Colonel Glenn's Dream Before the Battle of Cowpens

The reader having followed Major McJunkin through a narrative of his personal adventures in the great war that once devastated this country, broke up the peace and order of society, armed brother against brother, neighbor against neighbor, made thousands of wives widows, filled the country with orphans, but finally closed in giving us nationality and independence, may now have some faint conceptions of the horrors of war.  But the picture lacks much of being finished.  The illustration can never be complete, the conception never fully adequate from any recital of facts. It may be proper to close this narrative by mentioning some incidents connected with the main events already alluded  to or described. Some of these were learned from Major McJunkin, and some are given from the authority of others who were witnesses of the times that try men's souls.

On the second night before the Battle of Cowpens, says Major McJunkin, my mess in sleeping consisted of Col. Glenn of Newberry and Major Jackson of Georgia.  Col. Glenn, after having slept, said he had a dream.  He was asked to tell it.  He said he had just dreamed he had a dreadful conflict with a very large and terrible looking snake with his sword; he had cut it in two.  That the head had escaped, but the tail lay powerless at his feet.  He then asked Major Jackson if he could construe the dream.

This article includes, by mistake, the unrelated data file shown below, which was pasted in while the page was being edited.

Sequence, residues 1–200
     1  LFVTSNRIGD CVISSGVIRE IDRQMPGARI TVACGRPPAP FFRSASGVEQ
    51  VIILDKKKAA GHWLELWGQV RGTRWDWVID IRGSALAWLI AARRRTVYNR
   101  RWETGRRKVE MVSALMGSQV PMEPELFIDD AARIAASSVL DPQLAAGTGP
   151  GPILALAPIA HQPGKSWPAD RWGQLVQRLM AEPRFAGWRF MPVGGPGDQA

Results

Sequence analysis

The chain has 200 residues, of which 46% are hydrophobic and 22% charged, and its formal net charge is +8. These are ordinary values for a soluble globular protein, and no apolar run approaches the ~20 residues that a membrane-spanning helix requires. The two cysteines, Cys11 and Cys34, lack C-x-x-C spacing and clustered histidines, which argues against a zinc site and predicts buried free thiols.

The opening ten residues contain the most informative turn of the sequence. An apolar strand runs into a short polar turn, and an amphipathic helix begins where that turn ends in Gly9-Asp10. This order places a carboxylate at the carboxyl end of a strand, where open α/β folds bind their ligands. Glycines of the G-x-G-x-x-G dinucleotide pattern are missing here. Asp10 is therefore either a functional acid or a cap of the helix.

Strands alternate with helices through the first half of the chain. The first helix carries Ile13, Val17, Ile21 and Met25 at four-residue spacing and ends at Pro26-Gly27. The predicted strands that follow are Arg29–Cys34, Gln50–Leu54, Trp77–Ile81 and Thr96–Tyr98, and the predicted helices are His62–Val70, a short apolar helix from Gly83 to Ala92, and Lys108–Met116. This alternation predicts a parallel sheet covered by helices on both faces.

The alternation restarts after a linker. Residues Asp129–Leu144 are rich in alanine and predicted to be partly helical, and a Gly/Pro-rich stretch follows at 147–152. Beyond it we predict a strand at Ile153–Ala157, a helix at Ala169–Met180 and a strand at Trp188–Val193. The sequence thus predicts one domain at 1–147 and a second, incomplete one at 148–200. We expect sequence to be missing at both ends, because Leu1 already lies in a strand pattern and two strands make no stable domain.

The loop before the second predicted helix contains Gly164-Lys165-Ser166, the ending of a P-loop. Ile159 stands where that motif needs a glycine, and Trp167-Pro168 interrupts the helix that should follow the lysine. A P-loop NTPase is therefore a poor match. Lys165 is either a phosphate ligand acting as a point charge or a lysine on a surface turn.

"I do not profess to be a construer of dreams," said the Major, "but suppose the party to which you belong and the enemy now pursuing as a great serpent will have a battle, that the snake Tarleton will suffer a partial defeat, lose a considerable portion of his force, but at the head effect his escape in safety from the scene of conflict."

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